Online journal of survival stories

Mirva Helenius
A 50-metre Cebu tanker devastated Mabell Lorenzana’s house when typhoon Haiyan hit the Philippines. The Red Cross provides training to help people recover from disasters quicker.
Image: Mirva Helenius

Typhoon Hayian destroyed and damaged hundreds of buildings in the little village of Aliputos in the Philippines. However, there were no human fatalities. Every family had been warned about the typhoon and the most vulnerable individuals were evacuated before the typhoon hit the village.

Disaster Resilience Blog
  • Read the stories of disaster survivors here.
  • A new story is published every day on the online journal.
  • There are 42 stories in total.

Each day, the online journal tells a new survival story from communities around the world fighting natural disasters. The story of the village of Aliputos is one of them.

Extreme weather phenomena are becoming increasingly common, and their impacts are also growing. The International Red Cross helps communities around the world by providing training in disaster resilience. Training helps people survive the disasters and speeds up the recovery process.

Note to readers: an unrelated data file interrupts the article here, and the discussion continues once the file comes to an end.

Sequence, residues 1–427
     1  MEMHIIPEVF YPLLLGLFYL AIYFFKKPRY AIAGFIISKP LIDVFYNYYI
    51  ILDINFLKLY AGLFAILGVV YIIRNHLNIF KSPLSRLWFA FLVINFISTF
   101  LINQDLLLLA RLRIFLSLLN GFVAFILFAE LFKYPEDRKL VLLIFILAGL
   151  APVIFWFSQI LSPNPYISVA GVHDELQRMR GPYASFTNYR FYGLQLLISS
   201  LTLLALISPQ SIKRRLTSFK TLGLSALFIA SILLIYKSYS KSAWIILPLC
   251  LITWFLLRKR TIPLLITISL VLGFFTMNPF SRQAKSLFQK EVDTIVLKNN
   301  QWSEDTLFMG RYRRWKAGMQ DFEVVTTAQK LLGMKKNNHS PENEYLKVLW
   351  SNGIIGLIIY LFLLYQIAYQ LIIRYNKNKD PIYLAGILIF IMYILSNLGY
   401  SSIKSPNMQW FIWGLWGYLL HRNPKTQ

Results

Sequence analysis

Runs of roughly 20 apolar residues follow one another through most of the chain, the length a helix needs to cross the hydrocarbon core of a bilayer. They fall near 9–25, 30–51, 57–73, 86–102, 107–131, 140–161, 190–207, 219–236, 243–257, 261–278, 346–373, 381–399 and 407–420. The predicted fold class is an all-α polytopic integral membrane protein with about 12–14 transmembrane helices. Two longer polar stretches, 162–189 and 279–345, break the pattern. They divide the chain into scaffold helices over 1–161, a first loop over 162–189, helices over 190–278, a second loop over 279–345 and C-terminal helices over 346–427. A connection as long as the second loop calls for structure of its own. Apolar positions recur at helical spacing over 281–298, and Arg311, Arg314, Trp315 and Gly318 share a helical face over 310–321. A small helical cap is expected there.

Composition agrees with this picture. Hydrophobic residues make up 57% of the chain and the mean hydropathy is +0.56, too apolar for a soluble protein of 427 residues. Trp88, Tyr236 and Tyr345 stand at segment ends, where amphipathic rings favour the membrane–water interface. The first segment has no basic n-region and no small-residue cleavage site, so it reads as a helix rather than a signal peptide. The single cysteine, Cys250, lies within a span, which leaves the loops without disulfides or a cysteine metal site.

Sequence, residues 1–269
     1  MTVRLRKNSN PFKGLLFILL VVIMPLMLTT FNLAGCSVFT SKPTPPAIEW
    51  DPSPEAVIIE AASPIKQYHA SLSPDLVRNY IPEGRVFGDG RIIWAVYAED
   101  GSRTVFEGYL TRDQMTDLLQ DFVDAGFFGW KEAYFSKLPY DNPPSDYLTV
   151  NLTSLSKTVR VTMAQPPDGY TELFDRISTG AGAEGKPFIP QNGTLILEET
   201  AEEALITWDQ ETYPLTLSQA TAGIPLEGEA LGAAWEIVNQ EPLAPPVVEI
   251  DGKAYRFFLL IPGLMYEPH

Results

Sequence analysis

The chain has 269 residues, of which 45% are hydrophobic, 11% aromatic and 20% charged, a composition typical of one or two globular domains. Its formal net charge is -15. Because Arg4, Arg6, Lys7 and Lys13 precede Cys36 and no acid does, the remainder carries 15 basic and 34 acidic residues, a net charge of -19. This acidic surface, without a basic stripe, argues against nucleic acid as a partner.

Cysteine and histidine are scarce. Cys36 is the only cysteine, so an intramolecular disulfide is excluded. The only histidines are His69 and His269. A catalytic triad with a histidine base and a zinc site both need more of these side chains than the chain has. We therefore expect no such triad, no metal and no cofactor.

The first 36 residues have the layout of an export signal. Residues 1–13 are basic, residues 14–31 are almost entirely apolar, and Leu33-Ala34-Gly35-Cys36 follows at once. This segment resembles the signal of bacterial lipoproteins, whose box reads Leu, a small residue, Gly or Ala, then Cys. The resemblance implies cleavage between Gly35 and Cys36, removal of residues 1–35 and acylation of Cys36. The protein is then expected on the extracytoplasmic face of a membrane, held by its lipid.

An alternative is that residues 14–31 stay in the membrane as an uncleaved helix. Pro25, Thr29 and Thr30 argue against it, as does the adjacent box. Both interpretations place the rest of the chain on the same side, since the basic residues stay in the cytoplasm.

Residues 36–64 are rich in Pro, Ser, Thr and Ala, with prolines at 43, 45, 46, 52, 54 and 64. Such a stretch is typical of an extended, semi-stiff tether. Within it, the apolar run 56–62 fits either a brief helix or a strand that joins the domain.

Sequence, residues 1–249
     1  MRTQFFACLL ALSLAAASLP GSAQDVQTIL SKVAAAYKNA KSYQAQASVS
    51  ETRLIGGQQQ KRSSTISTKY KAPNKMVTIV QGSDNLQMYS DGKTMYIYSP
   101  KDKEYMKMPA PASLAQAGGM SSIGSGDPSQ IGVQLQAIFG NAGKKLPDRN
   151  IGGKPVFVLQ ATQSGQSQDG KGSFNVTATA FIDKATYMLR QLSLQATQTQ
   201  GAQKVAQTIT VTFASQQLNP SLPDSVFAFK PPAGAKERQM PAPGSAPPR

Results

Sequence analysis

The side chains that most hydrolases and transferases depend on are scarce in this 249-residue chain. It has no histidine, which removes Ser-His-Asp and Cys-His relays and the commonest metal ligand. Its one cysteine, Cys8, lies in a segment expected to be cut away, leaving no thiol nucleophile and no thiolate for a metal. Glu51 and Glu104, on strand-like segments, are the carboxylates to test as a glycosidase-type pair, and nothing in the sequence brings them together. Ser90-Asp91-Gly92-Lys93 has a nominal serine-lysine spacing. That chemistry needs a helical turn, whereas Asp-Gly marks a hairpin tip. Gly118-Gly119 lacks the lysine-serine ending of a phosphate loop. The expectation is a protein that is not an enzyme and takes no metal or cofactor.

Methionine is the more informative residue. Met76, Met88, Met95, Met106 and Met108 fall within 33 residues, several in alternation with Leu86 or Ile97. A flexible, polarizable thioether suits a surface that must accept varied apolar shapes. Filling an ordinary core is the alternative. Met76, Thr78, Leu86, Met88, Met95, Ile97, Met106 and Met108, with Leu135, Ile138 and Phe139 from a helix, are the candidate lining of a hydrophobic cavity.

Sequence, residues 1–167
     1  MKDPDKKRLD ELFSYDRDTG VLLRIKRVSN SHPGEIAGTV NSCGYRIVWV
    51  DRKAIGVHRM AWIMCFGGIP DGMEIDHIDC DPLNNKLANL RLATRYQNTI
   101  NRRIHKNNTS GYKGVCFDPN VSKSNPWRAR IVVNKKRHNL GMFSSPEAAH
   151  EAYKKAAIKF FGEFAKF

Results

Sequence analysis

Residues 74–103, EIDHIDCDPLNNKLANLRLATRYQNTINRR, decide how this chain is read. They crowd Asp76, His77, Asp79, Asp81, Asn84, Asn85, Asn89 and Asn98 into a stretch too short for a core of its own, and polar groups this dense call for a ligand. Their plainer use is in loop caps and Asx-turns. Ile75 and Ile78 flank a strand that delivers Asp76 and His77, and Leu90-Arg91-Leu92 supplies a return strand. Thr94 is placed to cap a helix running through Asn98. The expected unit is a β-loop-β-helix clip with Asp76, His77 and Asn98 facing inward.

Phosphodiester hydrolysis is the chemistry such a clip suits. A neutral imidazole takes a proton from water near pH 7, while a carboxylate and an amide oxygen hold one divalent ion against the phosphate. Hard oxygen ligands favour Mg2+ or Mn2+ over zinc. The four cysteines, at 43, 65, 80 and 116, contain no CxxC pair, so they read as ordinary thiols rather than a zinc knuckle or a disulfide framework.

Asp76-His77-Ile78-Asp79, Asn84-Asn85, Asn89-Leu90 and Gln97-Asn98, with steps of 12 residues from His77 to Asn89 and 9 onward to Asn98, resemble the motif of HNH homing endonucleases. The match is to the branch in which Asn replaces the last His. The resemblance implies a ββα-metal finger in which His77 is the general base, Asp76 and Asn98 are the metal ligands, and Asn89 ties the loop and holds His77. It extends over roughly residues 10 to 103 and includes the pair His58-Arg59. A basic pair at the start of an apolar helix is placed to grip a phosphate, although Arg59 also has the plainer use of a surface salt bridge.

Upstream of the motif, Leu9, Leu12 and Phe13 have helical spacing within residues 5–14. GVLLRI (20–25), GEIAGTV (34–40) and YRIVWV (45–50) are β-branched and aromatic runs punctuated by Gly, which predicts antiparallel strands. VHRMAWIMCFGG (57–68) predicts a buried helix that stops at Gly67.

“Working with large communities helps us understand their needs. This understanding allows us to anticipate the problems encountered during the crisis and save human lives and people’s income”, Elhadj As Sy, Secretary General of IFRC says.

Disaster preparedness reduces financial losses

During the last 20 years, disasters have killed 1.3 million people and affected the lives of 4.4 billion people. Disasters are expected to cause annual losses of EUR 328 billion by 2030.

“Advance preparation saves human lives, but it is also a good idea financially. Each euro invested in diminishing the risks of disaster will pay itself back from four to up to seven times”, Kristalina Georgieva, Commissioner responsible for International Cooperation, Humanitarian Aid and Crisis Response.